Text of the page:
The 4WF Training Plan

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Plan Overview

This is what we call a bread and butter" training split.

It is basic as far as training plans go but it is effective and a great “go to” plan to follow. Everyone should know this plan or a variation of it.

A training split is just the way the training plan is split up into groups of muscles.

This trainer will teach you three splits/routines:

  1. Upper Body Push - Chest, Shoulders (front and overhead press), Triceps

  2. Upper Body Pull - Back, Rear and Side Shoulders (isolation), Biceps

  3. Legs - Thigh (press/squat), Quads, Hamstrings, Calves

The Training Plan


The first training plan you'll follow is the basic version.  Don't confuse this with being easy.

It's simply less volume and a little more basic than the advanced version.

The Training Plan

4WFT 3 Day Split



How hard should I push myself?

If you are a beginner, it is important for you to allow your body to get used to training - this is what we call conditioning. I would ask a beginner to push themselves to what they believe or perceive as 6 out of 10 for effort.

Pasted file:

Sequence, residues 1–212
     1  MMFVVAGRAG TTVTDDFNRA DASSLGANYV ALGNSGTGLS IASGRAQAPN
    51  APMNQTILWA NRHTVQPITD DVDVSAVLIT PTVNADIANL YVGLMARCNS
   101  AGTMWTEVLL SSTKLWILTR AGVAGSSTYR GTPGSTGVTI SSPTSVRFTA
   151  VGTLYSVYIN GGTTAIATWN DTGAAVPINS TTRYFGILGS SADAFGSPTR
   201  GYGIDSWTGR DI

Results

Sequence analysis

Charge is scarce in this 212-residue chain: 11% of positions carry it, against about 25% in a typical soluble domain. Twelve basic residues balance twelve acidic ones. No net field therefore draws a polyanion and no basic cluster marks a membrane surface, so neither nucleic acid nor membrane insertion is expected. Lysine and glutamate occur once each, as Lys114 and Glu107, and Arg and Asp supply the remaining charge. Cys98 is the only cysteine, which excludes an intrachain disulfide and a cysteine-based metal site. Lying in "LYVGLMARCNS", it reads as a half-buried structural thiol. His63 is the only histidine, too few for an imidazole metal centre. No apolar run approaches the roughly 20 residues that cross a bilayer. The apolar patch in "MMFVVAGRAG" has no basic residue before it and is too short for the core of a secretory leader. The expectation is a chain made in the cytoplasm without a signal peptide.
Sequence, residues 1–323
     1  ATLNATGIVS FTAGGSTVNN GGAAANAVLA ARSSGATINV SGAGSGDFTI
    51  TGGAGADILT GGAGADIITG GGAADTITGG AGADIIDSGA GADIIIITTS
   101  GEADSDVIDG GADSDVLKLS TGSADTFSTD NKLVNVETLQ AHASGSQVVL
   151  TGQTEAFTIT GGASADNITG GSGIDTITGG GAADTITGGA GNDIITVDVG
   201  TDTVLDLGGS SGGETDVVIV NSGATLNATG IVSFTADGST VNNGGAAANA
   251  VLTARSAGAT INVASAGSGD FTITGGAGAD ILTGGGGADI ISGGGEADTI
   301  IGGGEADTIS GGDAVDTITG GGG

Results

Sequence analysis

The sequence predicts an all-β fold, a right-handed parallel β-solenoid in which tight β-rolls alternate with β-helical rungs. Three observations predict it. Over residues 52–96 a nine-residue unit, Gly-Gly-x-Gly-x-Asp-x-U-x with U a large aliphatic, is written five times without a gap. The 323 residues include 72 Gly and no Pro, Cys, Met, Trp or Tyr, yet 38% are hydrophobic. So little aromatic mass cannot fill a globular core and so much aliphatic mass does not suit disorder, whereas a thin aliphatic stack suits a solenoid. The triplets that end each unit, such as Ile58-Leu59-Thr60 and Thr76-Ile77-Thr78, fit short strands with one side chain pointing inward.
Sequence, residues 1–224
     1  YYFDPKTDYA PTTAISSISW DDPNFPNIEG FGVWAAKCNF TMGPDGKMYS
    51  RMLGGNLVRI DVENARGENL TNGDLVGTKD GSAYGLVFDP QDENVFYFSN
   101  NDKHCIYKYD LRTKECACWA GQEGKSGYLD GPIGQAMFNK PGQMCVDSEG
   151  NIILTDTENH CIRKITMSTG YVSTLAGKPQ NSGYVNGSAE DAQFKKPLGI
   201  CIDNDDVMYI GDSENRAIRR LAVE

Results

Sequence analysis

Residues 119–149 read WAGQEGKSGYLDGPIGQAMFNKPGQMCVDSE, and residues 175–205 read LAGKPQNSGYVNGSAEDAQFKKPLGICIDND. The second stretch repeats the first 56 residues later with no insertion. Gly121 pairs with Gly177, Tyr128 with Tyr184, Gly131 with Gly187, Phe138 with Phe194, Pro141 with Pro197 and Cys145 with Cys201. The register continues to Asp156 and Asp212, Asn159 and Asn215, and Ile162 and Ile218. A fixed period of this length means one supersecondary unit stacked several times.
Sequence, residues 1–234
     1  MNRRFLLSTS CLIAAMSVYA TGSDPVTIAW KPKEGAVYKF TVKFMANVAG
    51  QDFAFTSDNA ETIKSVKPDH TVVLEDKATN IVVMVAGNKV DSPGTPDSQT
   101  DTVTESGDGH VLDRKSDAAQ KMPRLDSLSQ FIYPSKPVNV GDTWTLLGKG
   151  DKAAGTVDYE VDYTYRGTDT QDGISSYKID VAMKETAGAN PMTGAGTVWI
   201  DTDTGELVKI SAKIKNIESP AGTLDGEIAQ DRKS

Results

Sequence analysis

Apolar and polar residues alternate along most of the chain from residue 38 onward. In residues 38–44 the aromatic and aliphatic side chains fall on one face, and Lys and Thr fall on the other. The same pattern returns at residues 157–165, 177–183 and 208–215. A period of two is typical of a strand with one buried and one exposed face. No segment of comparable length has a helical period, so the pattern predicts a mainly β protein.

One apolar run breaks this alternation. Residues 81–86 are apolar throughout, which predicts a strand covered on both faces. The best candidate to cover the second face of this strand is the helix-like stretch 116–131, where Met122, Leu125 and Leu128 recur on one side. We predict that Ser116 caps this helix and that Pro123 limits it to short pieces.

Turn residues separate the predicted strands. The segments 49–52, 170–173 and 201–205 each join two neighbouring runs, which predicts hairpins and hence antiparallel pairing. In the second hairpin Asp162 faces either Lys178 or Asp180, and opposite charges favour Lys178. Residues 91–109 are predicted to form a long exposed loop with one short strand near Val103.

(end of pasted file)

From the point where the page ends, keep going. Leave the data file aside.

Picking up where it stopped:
If your body is already conditioned (you’ve been lifting weights for a while) then you can push harder than a beginner and I would ask you to push to a 8 to 10 out of 10, where 10 is failure.

Weight, Reps, Sets and Rest

6-12 reps, 3 sets, 90 seconds rest 

Pick a weight you can lift for 6 reps - this will take a little time to work out. Have a guess, try it, if it’s too heavy drop the weight, if it’s light, increase the weight. Simple, right?

Lift the weight, return to start position - that’s one rep. You will aim to perform 6 to 12 reps. If you can’t perform 6 reps, it’s too heavy - decrease the weight. If you can perform more than 12 reps, it’s too light - increase the weight.

Perform your reps of 6 to 12 reps. When you complete the reps, that is one Set of 6 to 12 reps. You’ll perform 3 sets of whatever reps you can manage.

Rest is important. You cannot recover to be able to perform at your best if you don’t rest. In this program we are giving you 90 seconds rest.

Training with a Buddy and "spotters rest": When training with a buddy you can use what we call "spotters rest" to time your rest periods.  When you're training your buddy is resting and when your buddy is training, you're resting.  You should still time your rest so that you have enough rest - that's important, however, for Muscle Rounds it's ideal because the rest/work ratio should be 1:1.